Do these thoughts — or some version of them — swirl in your head? Do they consume you daily? Or arise whenever you try something new or make a mistake?
These thoughts are examples of limiting beliefs, according to Lea Seigen Shinraku, MFT, a therapist in private practice in San Francisco. Limiting beliefs derive from a variety of sources. One source is childhood. Naturally, none of us grows up in a “perfect environment,” where each and every need is met.
As such, “each of us has to grapple with our own suffering as infants and young children — a time when we are not fully equipped to metabolize challenging emotions, and a time when we form beliefs about how the world works.”
If a child’s need for attention and connection consistently goes unmet, that child may start to believe that it’s because of them, and they have to do something to earn acceptance and love from others, she said.
Another source is the media. According to Shinraku, the media perpetuates the idea that people must perform and compete in order to be worthy and loveable.
Social media also plays a role. “[W]ell-curated posts on social media can leave you with the impression that others are happier and more successful, and that they ‘have it all figured out.’”
The biggest reason limiting beliefs are problematic is because they crush our most fundamental need, according to Shinraku: our need to belong.
“Limiting beliefs reinforce an experience of separateness and exclusion; they keep people thinking that they are alone in their humanness.”
But you’re not stuck with these beliefs. You can start working through them, slowly examining, questioning and then setting them aside. Because limiting beliefs are deeply engrained into our psyches, it’s important to have patience during this process, Shinraku said. These specific strategies can help.
Recognize your limiting beliefs.
According to Shinraku, limiting beliefs are typically “absolute, rigid and final,” and include words such as “always” and “never.” They also include beliefs about being “damaged” or “broken,” she said. They don’t leave any space for “alternate perspectives, possibilities, or change.”
Whenever you find yourself thinking a limiting belief, name it. Acknowledge it. Doing so is your first step in unpacking the belief and lessening its power, she said. Limiting beliefs “can’t hold up under closer examination, because they aren’t true.”
It also can help to write down these beliefs in a notebook, including the time of day you had the belief, what triggered it and what emotions you were feeling, Shinraku said.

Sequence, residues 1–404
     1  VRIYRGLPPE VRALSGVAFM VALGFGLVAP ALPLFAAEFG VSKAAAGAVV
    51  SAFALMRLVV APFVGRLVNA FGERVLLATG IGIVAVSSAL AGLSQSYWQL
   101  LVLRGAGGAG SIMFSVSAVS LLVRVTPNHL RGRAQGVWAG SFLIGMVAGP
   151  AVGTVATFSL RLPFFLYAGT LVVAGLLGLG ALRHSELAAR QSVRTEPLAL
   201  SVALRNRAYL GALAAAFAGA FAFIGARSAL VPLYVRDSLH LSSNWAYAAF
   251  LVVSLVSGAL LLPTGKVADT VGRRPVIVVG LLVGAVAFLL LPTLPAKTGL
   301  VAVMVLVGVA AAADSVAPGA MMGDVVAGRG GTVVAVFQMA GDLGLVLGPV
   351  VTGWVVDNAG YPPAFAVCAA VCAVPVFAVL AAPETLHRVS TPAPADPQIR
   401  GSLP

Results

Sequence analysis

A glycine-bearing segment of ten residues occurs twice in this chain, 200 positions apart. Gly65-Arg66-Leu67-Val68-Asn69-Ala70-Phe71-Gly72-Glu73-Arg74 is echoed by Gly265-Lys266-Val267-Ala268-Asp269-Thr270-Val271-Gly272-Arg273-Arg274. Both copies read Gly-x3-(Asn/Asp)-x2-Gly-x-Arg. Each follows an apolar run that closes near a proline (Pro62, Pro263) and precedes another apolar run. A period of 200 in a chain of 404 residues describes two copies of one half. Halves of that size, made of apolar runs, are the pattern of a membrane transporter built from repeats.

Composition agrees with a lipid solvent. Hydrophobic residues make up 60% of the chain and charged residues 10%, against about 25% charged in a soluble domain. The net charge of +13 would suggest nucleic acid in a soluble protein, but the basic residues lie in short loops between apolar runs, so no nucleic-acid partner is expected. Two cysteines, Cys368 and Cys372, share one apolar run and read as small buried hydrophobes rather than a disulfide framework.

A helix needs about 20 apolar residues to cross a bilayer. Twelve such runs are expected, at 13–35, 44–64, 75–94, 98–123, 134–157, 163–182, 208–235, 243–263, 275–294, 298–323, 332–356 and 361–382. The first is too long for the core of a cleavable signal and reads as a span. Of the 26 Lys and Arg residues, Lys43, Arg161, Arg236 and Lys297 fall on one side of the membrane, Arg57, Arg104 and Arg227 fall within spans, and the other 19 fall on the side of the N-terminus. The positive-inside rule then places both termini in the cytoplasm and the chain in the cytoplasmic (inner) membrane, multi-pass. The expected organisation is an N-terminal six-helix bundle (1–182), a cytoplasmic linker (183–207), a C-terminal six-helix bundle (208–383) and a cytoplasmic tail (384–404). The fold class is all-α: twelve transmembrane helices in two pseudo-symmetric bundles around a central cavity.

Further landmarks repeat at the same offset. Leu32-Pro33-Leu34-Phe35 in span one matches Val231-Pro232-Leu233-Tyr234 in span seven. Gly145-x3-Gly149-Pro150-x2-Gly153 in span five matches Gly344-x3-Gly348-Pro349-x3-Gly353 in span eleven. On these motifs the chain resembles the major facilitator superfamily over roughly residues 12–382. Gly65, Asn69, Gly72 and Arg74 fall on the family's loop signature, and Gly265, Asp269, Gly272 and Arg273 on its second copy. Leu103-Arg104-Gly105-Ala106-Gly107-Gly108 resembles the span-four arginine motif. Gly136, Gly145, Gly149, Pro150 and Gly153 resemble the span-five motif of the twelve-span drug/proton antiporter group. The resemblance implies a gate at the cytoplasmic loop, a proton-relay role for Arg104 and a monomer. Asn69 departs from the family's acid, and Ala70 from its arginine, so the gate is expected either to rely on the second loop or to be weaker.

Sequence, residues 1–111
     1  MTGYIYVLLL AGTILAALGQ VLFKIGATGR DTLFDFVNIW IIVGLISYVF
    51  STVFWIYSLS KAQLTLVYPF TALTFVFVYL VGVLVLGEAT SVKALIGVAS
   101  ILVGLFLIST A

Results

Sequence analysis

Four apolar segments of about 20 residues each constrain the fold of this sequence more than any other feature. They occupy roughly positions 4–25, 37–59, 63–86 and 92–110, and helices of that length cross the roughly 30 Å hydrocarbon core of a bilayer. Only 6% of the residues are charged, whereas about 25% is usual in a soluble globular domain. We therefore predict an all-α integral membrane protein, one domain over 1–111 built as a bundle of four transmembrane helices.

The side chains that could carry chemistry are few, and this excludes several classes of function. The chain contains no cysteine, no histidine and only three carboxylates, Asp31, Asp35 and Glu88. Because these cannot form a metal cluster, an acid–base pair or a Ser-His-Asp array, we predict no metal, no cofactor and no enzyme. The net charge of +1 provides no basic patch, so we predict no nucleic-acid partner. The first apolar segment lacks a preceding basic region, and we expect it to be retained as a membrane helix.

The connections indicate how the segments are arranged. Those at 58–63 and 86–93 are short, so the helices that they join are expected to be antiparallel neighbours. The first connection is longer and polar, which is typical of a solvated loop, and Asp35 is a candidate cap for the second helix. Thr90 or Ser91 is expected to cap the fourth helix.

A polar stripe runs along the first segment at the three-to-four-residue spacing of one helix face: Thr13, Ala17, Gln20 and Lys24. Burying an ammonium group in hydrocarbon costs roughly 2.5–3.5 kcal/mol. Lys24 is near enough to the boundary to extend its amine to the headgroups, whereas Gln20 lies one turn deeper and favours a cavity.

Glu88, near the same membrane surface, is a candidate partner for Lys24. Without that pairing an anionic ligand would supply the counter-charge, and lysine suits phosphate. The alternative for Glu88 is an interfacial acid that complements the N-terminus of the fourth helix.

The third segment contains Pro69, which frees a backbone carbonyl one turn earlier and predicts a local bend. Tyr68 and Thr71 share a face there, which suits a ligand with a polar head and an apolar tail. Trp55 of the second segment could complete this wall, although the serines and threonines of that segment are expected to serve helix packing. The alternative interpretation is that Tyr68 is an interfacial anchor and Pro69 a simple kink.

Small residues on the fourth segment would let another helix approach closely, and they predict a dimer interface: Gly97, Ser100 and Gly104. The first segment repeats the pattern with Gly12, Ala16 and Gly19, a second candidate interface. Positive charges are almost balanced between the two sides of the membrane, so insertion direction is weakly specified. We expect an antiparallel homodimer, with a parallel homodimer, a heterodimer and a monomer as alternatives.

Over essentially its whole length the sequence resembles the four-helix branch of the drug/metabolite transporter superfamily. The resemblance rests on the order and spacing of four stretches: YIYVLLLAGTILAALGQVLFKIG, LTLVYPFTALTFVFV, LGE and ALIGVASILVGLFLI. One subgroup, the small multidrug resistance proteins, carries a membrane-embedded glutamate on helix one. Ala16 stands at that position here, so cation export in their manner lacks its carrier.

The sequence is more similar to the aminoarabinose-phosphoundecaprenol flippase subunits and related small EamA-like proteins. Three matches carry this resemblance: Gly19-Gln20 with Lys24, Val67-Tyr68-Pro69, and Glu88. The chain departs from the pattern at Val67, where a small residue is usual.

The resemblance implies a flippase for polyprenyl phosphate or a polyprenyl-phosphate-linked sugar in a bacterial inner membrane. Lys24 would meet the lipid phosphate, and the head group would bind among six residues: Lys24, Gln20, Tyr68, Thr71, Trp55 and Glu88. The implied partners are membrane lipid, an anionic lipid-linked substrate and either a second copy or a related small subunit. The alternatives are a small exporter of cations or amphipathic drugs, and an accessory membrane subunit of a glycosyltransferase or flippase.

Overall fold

Explore your limiting beliefs.
Exploring what reinforces your beliefs today can be incredibly helpful. (It’s also helpful to explore how your beliefs were formed but this is often harder to pinpoint and isn’t necessary in order to work through them, Shinraku said.)
Everything from keeping your limiting beliefs a secret to striving for perfection to overworking can bolster limiting beliefs, she said. Once you know what fuels your false beliefs, you can work on minimizing these habits and behaviors. For instance, you can talk about your limiting beliefs with someone you trust, thereby weakening them, Shinraku said.
Bring curiosity to your beliefs.
Instead of berating yourself, explore other explanations and perspectives for your situation. Be curious. Shinraku views genuine curiosity as a powerful form of self-compassion.
For instance, she said, instead of saying “What’s wrong with me? Why is everything so hard?” say, “This feels really challenging for me. I wonder why it’s so difficult.”
Then explore the different things that may be making this situation challenging. It could be everything from you not getting enough sleep to needing to learn a new skill to asking for help.
Shinraku also suggested asking these questions to tap into your curiosity: “Is there any other way to see myself and this situation? Is there some other way that I might respond that would feel better?”
Work with a therapist.
“For most people, limiting beliefs have been part of their internal world for so long that the beliefs feel ‘normal,'” Shinraku said. She likens it to a background we don’t even notice anymore. This makes it harder to recognize these beliefs.
Working with a therapist can help. A clinician can help you uncover limiting beliefs, understand how they were formed, interrupt the limiting patterns and create new, adaptive ways of understanding yourself and your world, she said.
Limiting beliefs can be stubborn. But by tuning into your rigid beliefs, exploring what reinforces them and cultivating curiosity, you can see limiting beliefs for what they are — untruths — and begin to relinquish them.